Master of Cabestany
The Master of Cabestany is the name given to an anonymous sculptor active in the second half of the 12th century. He was identified in the 1930s after the discovery of several pieces remarkable for their workmanship and their style; chief among these was the tympanum of the church in Cabestany in the Pyrénées-Orientales department in southern France, from which he received his name. Subsequent research confirmed the presence of his works in the departments of Aude and Pyrénées-Orientales, as well as in northern Catalonia; examples of his art have also been seen in Tuscany and in Navarre.
The sculptor's work was first encountered in the 1930s with the discovery of a Romanesque-style tympanum, found during restoration work at the parish church of Cabestany. The high technical quality of the carving, combined with the originality of the theme drew the interest of scholars of medieval art, who began to compare the sculpture with other known works. They concluded that the carver was an as-yet unknown figure, dubbed the "Master of Cabestany", who was responsible for sculpting capitals, sarcophagi, and corbels that may still be seen in various religious structures.
The Master's sculptures share a peculiar style unlike that of most Romanesque sculptors. All of his human figures have low, triangular faces; crushed chins; high, deeply carved ears; almond-shaped eyes with trepanning holes at either end; hands with long, tapering fingers; many folds in the drapery; and a great deal of detailed work identifying the principal figures.
At the start of the 1990s, the town of Cabestany decided to make as much of the sculptor's work as possible available. Also, in 1993, after consultation with the inspector general of historic monuments, the town created a scientific committee composed of eminent French and European figures to select which of the Master's sculptures they found the most important and most representative. With their advice the town initiated the creation of mouldings taken from various works. As of 2007[update], over 60 castings had been realized by sculptor Alphonse Snoeck using a method agreed upon by the national director of historic monuments. The castings are made with cast stone which reproduces the same grain and color as may be seen in the originals, making them look identical to the original sculptures.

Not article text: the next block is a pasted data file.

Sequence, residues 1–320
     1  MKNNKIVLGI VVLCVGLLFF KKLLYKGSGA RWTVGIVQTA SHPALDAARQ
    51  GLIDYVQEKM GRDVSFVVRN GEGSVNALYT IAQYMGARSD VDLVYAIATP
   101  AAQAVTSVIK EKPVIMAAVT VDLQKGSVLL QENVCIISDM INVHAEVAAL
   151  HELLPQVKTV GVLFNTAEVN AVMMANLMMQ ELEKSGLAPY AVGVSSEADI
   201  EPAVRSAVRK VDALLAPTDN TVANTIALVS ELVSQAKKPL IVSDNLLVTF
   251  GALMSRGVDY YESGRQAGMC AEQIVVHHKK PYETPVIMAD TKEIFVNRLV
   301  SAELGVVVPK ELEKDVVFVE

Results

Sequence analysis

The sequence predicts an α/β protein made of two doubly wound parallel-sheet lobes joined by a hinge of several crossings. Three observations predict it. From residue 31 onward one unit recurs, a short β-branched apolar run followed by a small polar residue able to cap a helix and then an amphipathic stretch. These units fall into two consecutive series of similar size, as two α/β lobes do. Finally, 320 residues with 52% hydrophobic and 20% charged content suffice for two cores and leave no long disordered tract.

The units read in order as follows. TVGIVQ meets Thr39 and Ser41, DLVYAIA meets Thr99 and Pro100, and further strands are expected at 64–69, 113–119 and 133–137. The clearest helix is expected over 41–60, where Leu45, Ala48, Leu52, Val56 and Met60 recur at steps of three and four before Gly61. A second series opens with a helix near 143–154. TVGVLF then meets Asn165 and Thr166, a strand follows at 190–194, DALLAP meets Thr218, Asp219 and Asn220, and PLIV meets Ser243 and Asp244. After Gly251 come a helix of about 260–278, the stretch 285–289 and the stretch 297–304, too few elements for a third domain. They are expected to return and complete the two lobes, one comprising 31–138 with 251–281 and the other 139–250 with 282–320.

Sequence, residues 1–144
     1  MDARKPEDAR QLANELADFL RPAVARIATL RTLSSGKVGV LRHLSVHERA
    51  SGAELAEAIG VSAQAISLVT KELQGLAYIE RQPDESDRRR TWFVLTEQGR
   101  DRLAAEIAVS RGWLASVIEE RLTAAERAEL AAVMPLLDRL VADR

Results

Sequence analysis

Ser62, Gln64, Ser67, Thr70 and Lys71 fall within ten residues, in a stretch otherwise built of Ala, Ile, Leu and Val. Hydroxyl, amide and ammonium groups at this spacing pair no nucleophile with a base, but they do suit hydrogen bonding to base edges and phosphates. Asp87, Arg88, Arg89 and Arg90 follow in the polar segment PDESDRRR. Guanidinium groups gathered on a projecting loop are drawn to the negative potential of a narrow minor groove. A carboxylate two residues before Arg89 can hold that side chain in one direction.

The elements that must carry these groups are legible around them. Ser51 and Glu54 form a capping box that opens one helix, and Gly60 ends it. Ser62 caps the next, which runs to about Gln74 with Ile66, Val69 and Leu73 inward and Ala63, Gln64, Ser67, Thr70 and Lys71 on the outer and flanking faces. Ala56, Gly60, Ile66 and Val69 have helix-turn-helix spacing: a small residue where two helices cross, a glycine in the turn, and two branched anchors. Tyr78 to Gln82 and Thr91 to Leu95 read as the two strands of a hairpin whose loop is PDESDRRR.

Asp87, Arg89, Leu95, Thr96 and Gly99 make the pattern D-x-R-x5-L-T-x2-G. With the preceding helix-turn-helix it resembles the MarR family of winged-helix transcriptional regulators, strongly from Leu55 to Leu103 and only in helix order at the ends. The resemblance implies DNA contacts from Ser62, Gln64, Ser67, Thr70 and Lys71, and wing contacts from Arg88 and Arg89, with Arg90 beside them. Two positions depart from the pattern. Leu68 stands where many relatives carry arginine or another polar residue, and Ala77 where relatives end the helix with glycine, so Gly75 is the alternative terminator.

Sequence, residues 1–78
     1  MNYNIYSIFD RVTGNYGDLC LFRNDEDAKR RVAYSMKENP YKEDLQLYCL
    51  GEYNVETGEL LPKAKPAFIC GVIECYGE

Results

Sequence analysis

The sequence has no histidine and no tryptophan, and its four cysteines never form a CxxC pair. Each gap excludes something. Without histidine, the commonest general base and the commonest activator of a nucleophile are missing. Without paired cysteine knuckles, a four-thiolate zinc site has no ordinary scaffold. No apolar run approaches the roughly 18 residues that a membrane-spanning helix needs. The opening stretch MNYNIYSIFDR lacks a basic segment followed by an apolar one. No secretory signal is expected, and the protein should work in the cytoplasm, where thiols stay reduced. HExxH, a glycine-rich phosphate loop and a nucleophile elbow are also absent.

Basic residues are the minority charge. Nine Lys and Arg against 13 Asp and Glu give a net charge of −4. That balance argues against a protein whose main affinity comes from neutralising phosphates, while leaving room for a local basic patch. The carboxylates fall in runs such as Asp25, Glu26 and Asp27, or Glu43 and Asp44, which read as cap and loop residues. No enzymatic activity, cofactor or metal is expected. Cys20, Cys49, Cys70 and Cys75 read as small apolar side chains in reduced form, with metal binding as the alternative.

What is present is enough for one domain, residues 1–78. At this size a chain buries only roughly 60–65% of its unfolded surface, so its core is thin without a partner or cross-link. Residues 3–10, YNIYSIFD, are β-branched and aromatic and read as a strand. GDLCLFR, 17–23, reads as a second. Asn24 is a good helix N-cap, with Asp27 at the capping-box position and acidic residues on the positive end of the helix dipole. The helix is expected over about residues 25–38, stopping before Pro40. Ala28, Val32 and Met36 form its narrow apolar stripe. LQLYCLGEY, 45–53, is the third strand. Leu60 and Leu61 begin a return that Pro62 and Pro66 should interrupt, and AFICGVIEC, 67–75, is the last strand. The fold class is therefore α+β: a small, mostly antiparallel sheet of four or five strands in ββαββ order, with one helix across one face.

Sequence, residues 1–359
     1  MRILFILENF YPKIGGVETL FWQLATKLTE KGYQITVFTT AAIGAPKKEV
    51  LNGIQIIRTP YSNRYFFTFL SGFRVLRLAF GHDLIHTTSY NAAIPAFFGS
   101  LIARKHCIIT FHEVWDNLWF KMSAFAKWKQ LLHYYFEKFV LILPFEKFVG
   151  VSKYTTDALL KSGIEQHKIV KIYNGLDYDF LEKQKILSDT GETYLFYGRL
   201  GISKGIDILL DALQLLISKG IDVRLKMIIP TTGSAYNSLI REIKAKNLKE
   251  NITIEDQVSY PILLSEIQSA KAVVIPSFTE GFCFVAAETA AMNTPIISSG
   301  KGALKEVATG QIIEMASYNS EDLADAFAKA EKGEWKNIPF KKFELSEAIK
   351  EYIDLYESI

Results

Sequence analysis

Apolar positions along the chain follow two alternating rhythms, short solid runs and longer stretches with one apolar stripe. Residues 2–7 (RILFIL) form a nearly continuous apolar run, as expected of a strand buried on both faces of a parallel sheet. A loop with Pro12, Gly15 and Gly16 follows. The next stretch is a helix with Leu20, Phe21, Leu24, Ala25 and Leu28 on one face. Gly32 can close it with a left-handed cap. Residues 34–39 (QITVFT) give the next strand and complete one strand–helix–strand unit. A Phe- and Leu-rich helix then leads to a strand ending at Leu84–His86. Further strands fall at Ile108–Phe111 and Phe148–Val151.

In 1994 the town acquired an old winemaking cave with over 1,100 metres of surface area; this has served as the home for a center devoted to Romanesque sculpture since June 2004. The center serves three purposes, acting as a museum, education center, and a center for research and study. The museum area shows the permanent collection of castings, complementing them with rooms describing local history, art history, and the history of Romanesque sculpture; the last room showcases examples of other carvers contemporaneous with the Master. The sculpture castings are displayed in various ways, either fixed to the wall or freestanding, and are grouped in thematic displays as well. The museum also explains the historic and artistic contexts of the Master and his work.
The Master's sculptures may be seen in the following locations:
Pyrénées-Orientales (French Catalonia)
- Cabestany - the tympanum of the parish church of Notre-Dame-des-Anges
- Monastir del Camp - the capitals of the outer door are attributed to his studio
- Le Boulou - the frieze on the outer door of the parish church of Sainte-Marie
- Sant Pere de Rodes - some fragments of the now-destroyed door of the abbey church
- Girona - some capitals in the abbey church of Sant Pere de Galligants
- Errondo - the tympanum from the church, which may today be found in The Cloisters of the Metropolitan Museum of Art
- Rieux-Minervois - the capitals of the church of Saint-Marie; he was also the architect and chief artist of this church
- Abbey of Saint-Hilaire - the reliquary of Saint Saturnin in the abbey church
- Abbey of Saint-Papoul - the sculptures in the apse of the abbey church
- Abbey of Sainte-Marie de Lagrasse - some fragments of the now-destroyed door of the abbey church; some believe these to be products of his studio
- St. Antimo's Abbey - a capital in the nave of the abbey church depicting Daniel in the lions' den
- San Giovanni in Sugana - a sculpted column held today at the museum of religious art of San Casciano Val di Pesa
- Cathedral museum of Prato - the 12th-century zoomorphic capitals found in the cloister
This article is based on a translation of the corresponding article in the French Wikipedia.